The Office Workout: Stairwell Therapy
There’s a guy I know who works in my building who has cut caffeine out of his diet, resorting to green tea as an alternative to coffee which he used to drink quite frequently. While I find green tea as appealing of an alternative to coffee as chicken noodle soup to steak (only preferring these if I am really ill), I suppose since he is in excellent physical shape there’s not much else he can do to improve on his Greek-god like body. When my doctor regards my pathetic tabernacle and finds out that I drink coffee with my stable of Blizzards, Dilly Bars, and Buster Bars, he tells me to lay off the ice cream then leaves the examining room with a whoosh of his lab coat; nothing about cutting down on cafe. So you see caffeine is the least of my worries. Anyway, I don’t really drink that much – less than three cups a day. It is the mass consumption of Dairy Queen Products, not to mention, bread, rice, potatoes, and second helpings of all the above and more that I need to declare a moratorium on.
But there’s change in the air, my dear two readers! A couple of weeks ago my old friend Monique came down to the dungeon where I work and asked if I would like to walk to the seventh floor with her. “Why, are the elevators out?” She looked at me the way my wife does when I’ve reloaded too many times at the Indian casino buffet. “Oh, you want me to exercise with you; got it!” I said figuring out her glare. I didn’t really get a chance to think over the offer when she ducked in the stairwell and motioned me in – like she was going to dish some delicious dirt.
Leading the way, I started yakking about how our old manager “used to take these stairs everywhere – never using the elevator unless he was accompanying the director and that it was probably bad news for who ever they were going to visit and definitely bad news for our old manag,” “Be quiet!,” she said cutting me off. “Preserve your energy,” she gasped half-way between the basement and the first floor. It was too late my weight, my atrophied legs, and my jacking jaw did me in already. By the time we made it to Floor Seven I could feel my pulse through my eyeballs and my legs were quaking like an extended arm balancing a cane in the palm of the hand. When we walked all the way down the stairs Monique said we should do this once a day. I don’t know what evil spirit was in me at the time, but before I could scream “Are you out of your flippin’ mind?” a voice from somewhere in my throbbing melon said “Sure Monique, let’s do it.”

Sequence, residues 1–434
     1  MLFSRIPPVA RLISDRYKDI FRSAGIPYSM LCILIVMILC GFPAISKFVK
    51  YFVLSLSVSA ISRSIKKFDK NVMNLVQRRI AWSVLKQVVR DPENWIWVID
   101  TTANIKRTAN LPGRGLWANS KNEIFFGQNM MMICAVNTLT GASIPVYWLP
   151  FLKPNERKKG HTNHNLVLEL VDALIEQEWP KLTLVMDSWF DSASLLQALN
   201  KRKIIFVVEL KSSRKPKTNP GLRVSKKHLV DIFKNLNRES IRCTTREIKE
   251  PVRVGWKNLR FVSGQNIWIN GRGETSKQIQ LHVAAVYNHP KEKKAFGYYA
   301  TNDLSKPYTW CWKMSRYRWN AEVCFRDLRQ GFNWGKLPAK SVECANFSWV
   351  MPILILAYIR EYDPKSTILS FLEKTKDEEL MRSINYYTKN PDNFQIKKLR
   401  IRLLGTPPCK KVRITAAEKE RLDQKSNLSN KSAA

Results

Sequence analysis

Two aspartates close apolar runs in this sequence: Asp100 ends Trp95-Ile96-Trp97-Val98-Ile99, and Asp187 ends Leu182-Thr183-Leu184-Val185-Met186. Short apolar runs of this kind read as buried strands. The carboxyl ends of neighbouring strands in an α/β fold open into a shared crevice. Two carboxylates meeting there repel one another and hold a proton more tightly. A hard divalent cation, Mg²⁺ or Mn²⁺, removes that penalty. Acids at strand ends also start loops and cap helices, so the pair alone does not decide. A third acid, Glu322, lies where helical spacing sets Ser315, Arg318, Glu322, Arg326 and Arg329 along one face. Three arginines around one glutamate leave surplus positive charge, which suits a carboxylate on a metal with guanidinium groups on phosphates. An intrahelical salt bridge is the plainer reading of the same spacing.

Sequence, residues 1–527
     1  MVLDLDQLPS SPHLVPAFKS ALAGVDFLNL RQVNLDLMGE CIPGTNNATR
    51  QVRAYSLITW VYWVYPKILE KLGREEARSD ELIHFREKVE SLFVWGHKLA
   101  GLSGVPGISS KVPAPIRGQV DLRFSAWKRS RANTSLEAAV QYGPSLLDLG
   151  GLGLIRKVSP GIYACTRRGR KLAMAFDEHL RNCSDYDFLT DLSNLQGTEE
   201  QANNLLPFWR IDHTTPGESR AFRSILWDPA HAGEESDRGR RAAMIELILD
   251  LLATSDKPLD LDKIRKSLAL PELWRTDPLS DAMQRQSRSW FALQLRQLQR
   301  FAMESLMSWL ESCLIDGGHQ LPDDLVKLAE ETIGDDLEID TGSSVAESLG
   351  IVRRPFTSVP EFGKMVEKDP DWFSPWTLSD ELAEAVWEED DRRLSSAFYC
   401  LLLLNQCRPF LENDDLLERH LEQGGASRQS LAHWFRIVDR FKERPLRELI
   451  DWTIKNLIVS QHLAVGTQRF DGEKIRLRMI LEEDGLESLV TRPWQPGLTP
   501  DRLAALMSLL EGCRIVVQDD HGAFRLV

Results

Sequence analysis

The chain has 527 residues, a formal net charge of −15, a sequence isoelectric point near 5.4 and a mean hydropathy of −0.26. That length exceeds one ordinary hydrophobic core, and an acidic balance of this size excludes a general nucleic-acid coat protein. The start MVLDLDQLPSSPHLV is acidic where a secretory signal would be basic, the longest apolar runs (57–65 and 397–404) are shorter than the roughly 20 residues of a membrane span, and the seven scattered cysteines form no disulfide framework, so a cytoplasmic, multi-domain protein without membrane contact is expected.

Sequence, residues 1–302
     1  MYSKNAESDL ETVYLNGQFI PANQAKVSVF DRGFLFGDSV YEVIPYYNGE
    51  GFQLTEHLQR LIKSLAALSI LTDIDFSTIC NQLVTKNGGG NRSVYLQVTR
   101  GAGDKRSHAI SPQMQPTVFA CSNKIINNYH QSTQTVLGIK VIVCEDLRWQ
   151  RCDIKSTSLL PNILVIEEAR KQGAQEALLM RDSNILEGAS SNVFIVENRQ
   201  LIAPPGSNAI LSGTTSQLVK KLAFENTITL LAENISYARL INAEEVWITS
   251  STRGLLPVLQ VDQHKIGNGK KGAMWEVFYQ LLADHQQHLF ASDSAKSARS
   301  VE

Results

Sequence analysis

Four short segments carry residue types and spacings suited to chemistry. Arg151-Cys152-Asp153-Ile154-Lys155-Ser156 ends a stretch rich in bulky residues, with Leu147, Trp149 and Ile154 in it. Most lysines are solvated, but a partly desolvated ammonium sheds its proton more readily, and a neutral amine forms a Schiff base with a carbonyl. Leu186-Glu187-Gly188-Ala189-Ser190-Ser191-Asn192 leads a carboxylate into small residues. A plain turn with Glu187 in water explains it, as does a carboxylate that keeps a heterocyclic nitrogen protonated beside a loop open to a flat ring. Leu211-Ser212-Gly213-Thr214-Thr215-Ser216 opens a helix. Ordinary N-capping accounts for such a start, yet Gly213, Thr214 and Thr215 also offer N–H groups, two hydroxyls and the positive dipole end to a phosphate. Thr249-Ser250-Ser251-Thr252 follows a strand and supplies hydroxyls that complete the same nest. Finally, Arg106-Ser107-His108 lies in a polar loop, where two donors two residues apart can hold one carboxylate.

The next morning I was so sore I could barely stand up. I felt I needed a day or two to, as I told my wife “let the muscles relax and grow.” My wife, the nurse, did not side with me, “No, you need to continue.” We argued, but it was no use. My wife has the license and the big medical terms – all I have is the pleading lingo that has never worked with her.
After two weeks of this routine my legs stopped being sore, but I was still winded every time we did the walk. Besides these walks I also started taking the stairs whenever when I move about the building from floor to floor. This also included scheduled trips like going to an 8:30 meeting on the Sixth Floor every morning. When I walk into these meetings I can’t help but wonder if anyone can tell I am attempting to catch my breath and, at the same time, attempting to cover it up. I don’t know how dangerous this is – trying to breath regularly when you want to gasp. When scaling the six floor to the morning meeting a seemingly insignificant item as a planner becomes a boat anchor after Floor Four and by the time I reach my destination, before I open the stairwell door stagger out into the lobby, I am thankful that I never write in the damn thing – ink is just more weight.